Querying metric spaces with bit operations
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Metric search techniques can be usefully characterised by the time at which distance calculations are performed during a query. Most exact search mechanisms use a “just-in-time” approach where distances are calculated as part of a navigational strategy. An alternative is to use a “one-time” approach, where distances to a fixed set of reference objects are calculated at the start of each query. These distances are typically used to re-cast data and queries into a different space where querying is more efficient, allowing an approximate solution to be obtained. In this paper we use a “one-time” approach for an exact search mechanism. A fixed set of reference objects is used to define a large set of regions within the original space, and each query is assessed with respect to the definition of these regions. Data is then accessed if, and only if, it is useful for the calculation of the query solution. As dimensionality increases, the number of defined regions must increase, but the memory required for the exclusion calculation does not. We show that the technique gives excellent performance over the SISAP benchmark data sets, and most interestingly we show how increases in dimensionality may be countered by relatively modest increases in the number of reference objects used.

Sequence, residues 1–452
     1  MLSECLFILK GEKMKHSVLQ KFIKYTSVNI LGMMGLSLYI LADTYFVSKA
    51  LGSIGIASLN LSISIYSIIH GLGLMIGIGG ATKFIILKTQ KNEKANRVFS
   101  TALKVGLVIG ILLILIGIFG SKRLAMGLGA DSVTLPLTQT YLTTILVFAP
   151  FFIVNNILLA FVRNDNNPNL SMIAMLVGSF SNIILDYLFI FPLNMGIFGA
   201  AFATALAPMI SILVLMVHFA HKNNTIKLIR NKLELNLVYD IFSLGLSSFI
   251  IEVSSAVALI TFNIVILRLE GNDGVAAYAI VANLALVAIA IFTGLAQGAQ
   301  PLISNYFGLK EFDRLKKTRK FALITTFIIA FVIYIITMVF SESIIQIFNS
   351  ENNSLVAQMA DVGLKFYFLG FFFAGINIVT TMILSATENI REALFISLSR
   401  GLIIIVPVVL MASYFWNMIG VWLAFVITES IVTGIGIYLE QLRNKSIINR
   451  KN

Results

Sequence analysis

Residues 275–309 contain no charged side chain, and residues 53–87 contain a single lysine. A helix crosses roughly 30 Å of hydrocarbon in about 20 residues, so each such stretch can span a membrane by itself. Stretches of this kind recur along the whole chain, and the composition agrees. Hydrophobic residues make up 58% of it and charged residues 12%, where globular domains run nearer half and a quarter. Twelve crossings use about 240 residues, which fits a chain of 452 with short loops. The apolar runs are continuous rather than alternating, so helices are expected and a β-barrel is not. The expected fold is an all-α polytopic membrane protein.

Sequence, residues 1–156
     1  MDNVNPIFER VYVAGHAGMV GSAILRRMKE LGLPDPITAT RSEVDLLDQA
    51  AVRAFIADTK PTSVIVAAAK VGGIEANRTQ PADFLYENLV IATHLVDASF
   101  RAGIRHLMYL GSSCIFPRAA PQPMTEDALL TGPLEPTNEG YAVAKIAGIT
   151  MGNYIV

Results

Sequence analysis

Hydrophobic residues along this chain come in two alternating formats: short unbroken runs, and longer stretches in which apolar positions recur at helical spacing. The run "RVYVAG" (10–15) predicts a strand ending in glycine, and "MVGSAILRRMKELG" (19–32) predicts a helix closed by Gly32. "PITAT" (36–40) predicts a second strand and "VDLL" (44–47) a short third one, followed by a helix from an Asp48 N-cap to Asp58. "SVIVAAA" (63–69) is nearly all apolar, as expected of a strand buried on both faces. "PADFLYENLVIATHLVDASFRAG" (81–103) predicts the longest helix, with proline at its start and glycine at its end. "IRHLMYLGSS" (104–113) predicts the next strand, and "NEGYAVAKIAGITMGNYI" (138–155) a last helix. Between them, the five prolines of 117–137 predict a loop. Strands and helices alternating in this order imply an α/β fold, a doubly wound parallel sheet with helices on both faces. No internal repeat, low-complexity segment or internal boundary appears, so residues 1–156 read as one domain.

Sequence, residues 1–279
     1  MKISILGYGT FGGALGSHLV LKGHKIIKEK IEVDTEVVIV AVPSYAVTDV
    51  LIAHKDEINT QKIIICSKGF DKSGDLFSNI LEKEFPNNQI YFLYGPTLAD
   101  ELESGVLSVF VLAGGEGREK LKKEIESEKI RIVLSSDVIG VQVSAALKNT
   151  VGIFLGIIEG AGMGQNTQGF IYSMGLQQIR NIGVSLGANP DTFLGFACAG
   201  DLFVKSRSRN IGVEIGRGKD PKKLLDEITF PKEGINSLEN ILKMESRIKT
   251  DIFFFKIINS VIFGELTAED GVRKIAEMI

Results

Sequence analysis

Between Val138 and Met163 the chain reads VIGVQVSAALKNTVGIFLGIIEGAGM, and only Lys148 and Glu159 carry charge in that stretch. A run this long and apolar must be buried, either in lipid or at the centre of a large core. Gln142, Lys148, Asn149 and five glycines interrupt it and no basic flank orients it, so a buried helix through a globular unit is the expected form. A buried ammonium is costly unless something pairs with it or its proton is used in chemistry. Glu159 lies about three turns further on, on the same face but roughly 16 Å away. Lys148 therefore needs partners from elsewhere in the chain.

Connor , R & Dearle , A 2018 , Querying metric spaces with bit operations . in S Marchand-Maillet , Y N Silva & E Chávez (eds) , Similarity Search and Applications : 11th International Conference, SISAP 2018, Lima, Peru, October 7-9, 2018, Proceedings . Lecture Notes in Computer Science , vol. 11223 , Springer , Cham , pp. 33-46 , 11th International Conference on Similarity Search and Applications (SISAP 2018) , Lima , Peru , 7/10/18 . https://doi.org/10.1007/978-3-030-02224-2_3conference
Similarity Search and Applications
© 2018, Springer Nature Switzerland AG. This work has been made available online in accordance with the publisher’s policies. This is the author created accepted version manuscript following peer review and as such may differ slightly from the final published version. The final published version of this work is available at https://doi.org/10.1007/978-3-030-02224-2_3
DescriptionFunding: This work was supported by ESRC grant ES/L007487/1 “Administrative Data Research Centre—Scotland".
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